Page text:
Solomon has given us three “better than” statements in the first three verses of Ecclesiastes chapter seven. He said that a good name is better than great riches. He said it’s better to go to a funeral than to go to a party. He said 10 snap2sorrow is better than laughter. And next, in Ecclesiastes 7:5 he gives us the fourth “better than” statement: “It is better for a man to hear the rebuke of the wise than to hear the song of fools.” Verse six compares the song of fools with “the crackling of thorns under a pot.” The fire produced by thorn branches make a lot of noise but don’t produce any lasting heat. The snap, crackle and pop of the songs of fools might win our attention at the moment, but will ultimately desert us in our greatest moment of need and teach us nothing about the true meaning of life.

Kathy gave me “The History of Rock and Roll” for my birthday. It is a 10 part series produced by PBS. She knows I’m a child of the 60s! Since I broke my arm, I’ve had some time to watch it. Honestly, I’ve never felt more convicted of the foolishness (stupidity?) of my fascination with the music of my youth. From Chuck Berry, Little Richard, Jerry Lee Lewis and yes, even the king himself, Elvis, all the way through Metallica, Black Sabbath, and Kiss up to the punk rock era and into the 90s, and beyond there’s nothing but the snap, crackle and pop of gimmick after gimmick to momentarily grab our attention. Yes, the talentless screaming and ranting and ravings accompanied by the lewd lyrics and antics of the performers can be described in no other way than the songs of fools. The series ends with the 90s, but thinking of Miley Cyrus makes me think that the world is still obsessed with snap, crackle and pop of fools. There is actually a contemporary rock band called, “Snap, Crackle & Pop.”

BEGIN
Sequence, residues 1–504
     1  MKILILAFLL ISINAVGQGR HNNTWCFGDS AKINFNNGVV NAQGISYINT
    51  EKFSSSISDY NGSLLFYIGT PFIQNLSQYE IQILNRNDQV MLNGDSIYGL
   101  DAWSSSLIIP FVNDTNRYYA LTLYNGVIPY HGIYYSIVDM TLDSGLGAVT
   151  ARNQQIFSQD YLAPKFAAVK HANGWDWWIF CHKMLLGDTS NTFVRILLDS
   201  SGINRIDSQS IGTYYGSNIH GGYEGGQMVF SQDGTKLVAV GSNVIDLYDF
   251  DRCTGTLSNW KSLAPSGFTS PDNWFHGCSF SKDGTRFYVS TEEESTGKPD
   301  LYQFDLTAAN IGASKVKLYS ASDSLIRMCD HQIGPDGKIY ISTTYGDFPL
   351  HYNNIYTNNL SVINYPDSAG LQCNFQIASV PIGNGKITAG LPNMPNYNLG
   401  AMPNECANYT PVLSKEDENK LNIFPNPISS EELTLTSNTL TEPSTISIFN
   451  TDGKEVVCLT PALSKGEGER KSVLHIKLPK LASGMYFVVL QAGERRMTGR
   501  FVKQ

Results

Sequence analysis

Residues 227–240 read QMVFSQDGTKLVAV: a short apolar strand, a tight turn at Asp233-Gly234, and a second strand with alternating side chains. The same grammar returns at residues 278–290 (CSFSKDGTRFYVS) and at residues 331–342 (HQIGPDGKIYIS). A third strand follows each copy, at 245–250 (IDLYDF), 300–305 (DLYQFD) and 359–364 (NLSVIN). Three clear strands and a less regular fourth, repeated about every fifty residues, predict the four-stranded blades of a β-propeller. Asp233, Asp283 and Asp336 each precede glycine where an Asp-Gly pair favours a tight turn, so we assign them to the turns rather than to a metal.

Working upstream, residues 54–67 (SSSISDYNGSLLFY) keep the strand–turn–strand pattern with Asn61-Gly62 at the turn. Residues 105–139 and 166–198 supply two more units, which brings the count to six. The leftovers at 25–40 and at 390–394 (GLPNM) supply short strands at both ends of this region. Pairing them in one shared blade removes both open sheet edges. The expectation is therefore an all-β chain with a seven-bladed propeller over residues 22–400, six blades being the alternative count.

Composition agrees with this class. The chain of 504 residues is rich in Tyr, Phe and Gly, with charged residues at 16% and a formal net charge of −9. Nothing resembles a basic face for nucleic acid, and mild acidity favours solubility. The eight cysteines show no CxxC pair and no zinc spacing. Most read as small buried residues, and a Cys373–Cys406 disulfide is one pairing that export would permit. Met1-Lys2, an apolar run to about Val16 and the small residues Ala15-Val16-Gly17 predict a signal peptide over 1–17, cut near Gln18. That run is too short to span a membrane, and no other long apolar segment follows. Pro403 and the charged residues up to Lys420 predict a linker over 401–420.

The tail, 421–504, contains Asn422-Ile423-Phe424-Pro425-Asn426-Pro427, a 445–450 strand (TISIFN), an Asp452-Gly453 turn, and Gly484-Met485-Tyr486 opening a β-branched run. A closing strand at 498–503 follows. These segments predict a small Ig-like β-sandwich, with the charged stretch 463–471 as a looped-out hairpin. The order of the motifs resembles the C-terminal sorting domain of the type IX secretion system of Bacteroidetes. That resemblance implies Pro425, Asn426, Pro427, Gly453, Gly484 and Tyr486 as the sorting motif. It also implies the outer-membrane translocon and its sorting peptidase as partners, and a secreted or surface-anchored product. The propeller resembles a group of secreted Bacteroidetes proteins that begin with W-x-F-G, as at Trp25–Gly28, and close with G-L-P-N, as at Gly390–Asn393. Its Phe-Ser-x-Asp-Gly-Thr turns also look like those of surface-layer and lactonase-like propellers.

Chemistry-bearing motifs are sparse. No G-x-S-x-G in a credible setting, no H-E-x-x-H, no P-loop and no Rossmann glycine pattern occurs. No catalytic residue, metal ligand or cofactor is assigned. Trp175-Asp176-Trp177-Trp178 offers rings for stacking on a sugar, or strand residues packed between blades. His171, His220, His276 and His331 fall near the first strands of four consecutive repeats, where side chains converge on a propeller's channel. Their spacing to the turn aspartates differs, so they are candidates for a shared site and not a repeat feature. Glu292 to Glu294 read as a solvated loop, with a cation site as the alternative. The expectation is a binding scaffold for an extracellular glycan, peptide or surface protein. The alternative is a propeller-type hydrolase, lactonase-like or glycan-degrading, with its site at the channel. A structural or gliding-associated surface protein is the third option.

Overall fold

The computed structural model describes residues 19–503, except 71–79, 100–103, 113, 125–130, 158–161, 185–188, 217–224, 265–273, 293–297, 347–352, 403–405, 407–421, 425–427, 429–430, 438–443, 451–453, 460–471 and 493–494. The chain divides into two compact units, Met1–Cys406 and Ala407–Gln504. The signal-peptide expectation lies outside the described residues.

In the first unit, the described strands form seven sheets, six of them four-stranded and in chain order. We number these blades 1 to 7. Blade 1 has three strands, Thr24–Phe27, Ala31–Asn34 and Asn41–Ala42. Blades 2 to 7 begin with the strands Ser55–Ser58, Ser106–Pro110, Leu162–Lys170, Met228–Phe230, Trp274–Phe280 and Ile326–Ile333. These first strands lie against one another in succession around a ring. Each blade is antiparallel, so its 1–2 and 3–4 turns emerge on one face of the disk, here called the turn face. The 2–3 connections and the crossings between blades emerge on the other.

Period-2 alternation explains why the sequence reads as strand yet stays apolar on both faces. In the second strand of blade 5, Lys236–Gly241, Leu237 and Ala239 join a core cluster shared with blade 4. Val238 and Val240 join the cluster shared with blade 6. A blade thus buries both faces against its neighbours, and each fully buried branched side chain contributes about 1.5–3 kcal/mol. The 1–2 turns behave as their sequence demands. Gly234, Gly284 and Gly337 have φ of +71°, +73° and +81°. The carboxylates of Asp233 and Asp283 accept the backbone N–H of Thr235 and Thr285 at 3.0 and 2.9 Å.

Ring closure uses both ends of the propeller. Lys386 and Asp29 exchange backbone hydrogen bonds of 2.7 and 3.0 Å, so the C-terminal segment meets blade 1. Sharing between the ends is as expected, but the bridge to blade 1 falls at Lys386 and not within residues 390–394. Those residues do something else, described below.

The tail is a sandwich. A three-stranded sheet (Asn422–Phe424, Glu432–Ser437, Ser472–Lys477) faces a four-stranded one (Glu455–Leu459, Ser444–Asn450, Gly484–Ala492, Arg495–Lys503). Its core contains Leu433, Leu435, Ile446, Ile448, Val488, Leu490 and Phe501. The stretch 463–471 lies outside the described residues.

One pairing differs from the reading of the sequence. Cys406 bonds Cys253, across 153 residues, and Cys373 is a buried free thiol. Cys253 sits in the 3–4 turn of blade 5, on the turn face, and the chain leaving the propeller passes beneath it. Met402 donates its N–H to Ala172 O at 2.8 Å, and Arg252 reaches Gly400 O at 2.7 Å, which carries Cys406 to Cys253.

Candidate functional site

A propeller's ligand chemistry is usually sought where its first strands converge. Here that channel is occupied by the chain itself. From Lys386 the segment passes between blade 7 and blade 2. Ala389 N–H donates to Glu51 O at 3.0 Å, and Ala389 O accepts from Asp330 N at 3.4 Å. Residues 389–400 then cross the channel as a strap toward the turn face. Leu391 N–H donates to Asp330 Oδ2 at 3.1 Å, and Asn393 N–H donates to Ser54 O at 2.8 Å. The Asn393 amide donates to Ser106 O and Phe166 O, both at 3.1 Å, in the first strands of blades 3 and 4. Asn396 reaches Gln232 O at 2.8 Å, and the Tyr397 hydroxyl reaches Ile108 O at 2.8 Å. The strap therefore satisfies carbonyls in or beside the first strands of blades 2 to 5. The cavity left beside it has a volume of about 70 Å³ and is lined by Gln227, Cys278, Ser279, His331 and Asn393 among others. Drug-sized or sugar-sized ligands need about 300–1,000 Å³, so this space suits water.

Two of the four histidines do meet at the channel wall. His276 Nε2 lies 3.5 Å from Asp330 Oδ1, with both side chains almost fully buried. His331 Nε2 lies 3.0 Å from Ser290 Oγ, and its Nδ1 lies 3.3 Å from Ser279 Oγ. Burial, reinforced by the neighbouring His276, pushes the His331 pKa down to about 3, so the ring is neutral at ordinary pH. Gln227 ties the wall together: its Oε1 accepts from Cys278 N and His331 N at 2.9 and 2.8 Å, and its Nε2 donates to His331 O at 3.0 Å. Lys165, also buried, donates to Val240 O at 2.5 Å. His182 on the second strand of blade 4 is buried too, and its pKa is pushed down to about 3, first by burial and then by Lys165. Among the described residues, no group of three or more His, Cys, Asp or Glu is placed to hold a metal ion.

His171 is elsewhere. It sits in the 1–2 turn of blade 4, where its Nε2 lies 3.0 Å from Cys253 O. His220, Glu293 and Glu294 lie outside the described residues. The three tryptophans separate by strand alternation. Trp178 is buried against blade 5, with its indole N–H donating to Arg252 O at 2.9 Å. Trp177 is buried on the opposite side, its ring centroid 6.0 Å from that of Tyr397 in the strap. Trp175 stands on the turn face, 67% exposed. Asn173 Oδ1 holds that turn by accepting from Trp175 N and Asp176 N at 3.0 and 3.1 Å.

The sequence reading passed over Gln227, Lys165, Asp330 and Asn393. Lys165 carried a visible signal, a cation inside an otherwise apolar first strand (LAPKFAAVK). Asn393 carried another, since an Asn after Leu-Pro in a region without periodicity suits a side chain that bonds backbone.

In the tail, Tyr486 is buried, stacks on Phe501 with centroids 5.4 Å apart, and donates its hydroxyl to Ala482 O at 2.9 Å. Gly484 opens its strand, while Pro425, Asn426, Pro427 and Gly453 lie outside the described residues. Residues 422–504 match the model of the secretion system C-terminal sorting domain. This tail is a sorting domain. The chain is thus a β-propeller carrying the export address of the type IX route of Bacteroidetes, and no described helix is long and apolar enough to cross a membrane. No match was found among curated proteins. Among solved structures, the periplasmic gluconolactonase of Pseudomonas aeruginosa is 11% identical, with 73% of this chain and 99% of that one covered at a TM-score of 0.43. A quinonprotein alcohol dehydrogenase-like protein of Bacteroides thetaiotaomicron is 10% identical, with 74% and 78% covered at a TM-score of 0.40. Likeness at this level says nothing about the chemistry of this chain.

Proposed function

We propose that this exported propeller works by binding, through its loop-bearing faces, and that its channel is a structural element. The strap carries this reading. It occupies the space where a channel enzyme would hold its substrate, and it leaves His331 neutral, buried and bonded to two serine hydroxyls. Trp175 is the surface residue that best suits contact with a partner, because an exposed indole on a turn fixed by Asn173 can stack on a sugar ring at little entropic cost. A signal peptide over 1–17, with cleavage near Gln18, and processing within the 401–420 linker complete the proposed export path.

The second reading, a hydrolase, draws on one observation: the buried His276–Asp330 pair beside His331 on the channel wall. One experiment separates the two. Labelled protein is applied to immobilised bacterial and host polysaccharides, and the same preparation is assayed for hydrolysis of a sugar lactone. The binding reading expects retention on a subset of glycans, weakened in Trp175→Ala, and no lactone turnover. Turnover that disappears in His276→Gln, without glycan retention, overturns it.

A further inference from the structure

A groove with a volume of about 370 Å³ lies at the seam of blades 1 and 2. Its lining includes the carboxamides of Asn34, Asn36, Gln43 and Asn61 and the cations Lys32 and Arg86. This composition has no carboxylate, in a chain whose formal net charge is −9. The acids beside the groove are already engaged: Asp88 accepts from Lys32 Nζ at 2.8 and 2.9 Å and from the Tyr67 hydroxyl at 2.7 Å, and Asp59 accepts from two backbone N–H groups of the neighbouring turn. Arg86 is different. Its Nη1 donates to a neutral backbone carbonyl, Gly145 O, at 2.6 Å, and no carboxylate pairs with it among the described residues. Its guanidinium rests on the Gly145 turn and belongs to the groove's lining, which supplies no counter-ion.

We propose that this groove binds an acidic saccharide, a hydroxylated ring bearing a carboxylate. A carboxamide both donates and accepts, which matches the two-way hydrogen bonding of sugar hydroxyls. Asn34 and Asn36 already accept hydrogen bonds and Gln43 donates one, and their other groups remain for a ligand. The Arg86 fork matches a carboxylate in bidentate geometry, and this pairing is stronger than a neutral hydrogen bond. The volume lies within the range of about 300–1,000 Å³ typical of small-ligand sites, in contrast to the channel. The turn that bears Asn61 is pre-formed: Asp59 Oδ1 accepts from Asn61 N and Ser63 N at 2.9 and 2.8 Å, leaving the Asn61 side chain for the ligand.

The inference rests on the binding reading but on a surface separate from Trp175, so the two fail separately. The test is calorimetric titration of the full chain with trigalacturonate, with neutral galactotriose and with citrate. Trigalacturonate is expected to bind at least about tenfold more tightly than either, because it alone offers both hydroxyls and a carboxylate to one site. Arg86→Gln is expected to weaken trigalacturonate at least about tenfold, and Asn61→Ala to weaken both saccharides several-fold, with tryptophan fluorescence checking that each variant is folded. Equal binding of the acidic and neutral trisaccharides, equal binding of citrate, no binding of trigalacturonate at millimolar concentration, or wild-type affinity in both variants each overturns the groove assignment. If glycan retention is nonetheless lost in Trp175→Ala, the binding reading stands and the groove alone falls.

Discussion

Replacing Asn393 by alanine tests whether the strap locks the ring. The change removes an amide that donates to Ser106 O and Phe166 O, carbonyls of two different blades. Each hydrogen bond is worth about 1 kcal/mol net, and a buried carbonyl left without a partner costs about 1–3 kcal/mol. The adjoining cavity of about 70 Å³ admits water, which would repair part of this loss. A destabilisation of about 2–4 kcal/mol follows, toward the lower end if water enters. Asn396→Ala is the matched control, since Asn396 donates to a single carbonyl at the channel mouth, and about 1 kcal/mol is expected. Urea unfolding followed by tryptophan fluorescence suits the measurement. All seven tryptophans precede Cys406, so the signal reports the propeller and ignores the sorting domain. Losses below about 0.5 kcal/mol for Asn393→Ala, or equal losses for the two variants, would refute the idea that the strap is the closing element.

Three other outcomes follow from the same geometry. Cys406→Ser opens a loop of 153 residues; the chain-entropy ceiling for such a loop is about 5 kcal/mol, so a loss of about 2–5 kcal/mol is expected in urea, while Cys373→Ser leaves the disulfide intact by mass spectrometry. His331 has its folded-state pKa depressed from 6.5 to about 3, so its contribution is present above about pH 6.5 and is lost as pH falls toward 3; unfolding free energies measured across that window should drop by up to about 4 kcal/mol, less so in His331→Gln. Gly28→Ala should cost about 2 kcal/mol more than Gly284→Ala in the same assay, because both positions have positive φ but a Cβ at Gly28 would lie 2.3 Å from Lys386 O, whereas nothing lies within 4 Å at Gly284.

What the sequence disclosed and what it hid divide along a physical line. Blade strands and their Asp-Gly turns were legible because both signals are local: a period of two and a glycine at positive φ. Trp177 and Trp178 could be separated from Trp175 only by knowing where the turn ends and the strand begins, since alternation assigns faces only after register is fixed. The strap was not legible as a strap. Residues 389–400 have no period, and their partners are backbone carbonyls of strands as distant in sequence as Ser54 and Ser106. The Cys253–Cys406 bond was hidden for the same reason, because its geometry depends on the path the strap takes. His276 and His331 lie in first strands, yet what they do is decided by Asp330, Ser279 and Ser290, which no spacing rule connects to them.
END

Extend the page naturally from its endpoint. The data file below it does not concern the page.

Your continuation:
Solomon’s song in Ecclesiastes may not contain much snap, crackle or pop, but it stands as a timeless example of the music that matters: a rebuke from the wisest man in the world inspired by God to bring lasting warmth as we walk together through the valley of the shadow of death. Ryken summarizes this truth well: “This is why the Preacher says it is much better for us to hear the rebuke of the wise. Someone who cares enough to confront will tell us to get serious about life and death. Listening to the constructive criticism of a godly friend can save our soul. Wise people will say all of the things that Ecclesiastes says. They will tell us that living for pleasure and working for selfish gain are striving after wind. They will tell us that God has a time for everything, including a time to be born and a time to die. They will tell us that two are better than one in facing all of the toils and trials of life. They will tell us that because God is in Heaven and we are on earth, we should be careful what we say. They will tell us that money will never satisfy our souls. In short, they will teach us not to live for today but to live for eternity.”